Emotional Resilience

As a society, we are not giving our people emotional resilience. It starts early. Two stories stick out in my mind.

Recently, Simone Biles withdrew from the olympics to protect her mental health. She was “carrying the weight of the world” and it was probably the right decision for her, given all that’s happened in Gymnastics. But why wasn’t she mentally prepared to do that in the first place. Why are we not teaching soft skills to give people the tools and confidence to get through those times when we carry extra weight.

Not long ago, Naomi Osaka said she wouldn’t do a post-match interview. This is part of the job of being a professional sports athlete. She was not prepared to do her job. When I use the word “Prepared” I mean it in the long sense. Athletes bodies are trained, but not their mind. But it isn’t just athletes. I’ve seen it in education as well. We have boiled the frog with our children and students, and each decade I see students who’ve been more and more coddled (I’d like to find a softer word than that). You can’t blame parents for trying to make life easy for kids, for putting pressure on schools to remove barriers.

The problem is that those barriers fortify the mind, just as early exposure to pathogens fortify our later immune system. An easy life is a myth, because an ‘easy life’ is one without challenge or meaning and mentally bereft of the joys that come with overcoming challenges. Those challenges mount in adulthood. Mental grit is necessary.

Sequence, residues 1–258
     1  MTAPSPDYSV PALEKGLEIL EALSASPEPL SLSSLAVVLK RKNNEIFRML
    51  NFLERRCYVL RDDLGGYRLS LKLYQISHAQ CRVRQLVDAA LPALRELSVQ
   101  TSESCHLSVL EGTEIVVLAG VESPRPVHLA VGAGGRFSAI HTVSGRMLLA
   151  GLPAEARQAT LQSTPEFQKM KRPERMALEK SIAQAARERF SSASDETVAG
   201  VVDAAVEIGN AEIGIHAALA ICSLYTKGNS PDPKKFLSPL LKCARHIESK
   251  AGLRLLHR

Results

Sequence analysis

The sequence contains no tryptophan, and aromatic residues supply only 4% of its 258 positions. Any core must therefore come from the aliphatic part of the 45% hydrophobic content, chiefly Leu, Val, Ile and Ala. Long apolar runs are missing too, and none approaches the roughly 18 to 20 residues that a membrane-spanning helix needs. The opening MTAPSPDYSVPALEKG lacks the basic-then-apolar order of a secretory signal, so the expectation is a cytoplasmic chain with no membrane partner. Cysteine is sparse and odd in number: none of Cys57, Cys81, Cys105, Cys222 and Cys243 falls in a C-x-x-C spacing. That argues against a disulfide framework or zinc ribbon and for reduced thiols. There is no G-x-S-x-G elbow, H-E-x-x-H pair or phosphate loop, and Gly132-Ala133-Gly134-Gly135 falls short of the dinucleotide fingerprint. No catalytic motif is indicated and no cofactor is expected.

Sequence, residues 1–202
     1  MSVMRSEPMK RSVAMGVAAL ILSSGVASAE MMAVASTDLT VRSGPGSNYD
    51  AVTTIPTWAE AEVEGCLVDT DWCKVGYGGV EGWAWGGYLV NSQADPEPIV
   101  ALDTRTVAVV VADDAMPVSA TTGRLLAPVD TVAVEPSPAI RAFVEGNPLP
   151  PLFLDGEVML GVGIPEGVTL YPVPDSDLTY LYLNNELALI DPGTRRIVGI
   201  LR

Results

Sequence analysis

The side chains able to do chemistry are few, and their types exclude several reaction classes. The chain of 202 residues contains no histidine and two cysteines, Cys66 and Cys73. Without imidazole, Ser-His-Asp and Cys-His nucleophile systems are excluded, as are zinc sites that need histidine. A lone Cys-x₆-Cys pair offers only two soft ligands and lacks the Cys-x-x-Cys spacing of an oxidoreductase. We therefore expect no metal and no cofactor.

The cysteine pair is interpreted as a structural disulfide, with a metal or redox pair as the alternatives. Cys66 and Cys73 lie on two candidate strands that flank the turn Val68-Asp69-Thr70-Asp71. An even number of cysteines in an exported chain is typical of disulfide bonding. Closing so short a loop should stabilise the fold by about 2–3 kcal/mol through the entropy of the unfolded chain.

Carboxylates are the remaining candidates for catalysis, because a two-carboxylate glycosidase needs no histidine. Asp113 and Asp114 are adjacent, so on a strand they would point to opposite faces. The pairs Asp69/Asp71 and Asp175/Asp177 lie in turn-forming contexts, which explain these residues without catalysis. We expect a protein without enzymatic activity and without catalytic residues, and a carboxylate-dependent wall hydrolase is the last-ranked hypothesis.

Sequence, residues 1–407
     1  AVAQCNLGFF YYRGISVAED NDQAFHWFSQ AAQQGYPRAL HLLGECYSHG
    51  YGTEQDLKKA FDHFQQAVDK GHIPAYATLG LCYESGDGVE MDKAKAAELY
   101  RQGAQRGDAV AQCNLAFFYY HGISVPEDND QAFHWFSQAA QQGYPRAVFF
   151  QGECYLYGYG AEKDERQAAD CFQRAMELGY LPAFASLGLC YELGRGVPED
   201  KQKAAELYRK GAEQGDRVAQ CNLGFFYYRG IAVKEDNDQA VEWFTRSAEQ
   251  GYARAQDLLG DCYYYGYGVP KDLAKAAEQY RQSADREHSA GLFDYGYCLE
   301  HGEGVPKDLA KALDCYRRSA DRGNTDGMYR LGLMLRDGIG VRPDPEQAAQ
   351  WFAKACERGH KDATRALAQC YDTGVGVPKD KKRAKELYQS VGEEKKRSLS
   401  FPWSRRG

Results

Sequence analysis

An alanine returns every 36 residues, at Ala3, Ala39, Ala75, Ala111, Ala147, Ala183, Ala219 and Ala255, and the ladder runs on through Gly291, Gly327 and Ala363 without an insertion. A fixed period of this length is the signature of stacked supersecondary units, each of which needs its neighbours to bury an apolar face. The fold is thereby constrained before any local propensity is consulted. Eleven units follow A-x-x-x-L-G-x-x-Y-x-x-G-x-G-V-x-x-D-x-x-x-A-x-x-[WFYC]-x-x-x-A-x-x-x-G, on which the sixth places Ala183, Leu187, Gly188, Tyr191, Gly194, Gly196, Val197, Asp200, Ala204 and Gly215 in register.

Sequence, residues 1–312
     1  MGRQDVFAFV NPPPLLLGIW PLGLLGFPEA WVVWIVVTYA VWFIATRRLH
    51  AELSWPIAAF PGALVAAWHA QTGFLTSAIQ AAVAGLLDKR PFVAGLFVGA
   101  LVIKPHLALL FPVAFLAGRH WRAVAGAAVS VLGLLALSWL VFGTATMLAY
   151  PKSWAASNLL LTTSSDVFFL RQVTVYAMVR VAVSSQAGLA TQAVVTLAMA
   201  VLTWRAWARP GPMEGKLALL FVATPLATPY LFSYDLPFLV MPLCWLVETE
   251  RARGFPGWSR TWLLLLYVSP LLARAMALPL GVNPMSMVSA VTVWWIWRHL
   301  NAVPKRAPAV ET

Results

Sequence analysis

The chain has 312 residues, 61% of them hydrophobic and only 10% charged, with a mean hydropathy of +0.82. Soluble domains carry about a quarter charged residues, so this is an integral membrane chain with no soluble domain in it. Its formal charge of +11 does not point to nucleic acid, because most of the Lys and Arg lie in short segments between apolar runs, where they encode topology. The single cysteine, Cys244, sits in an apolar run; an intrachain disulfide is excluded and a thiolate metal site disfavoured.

I don’t fault Biles and Osaka. I fault the systems that we have in place that didn’t prepare them to handle the life they chose (or, given their age, may have been chosen for them).

But what about you? What can you do?

Challenge yourself.

Do something that makes you uncomfortable. Comfort is a dangerous drug.

When something bad happens, chose the hard option to facing that situation.

Think long-term. Short term pain brings long term gain.

And be sure to care for your mental health with the appropriate rest. It’s ok to lick your wounds. That’s also part of healing and mental strength, as long you stop, heal, and move on.

And to be sure. I think Simon Biles is a bada**. She helped her team. She knew that she was too distracted to do a complicated and dangerous sport. I spoke of the two athletes, but the situation is vastly different. Biles was a team thinker and despite the stress of her decision she was still out cheering for her team.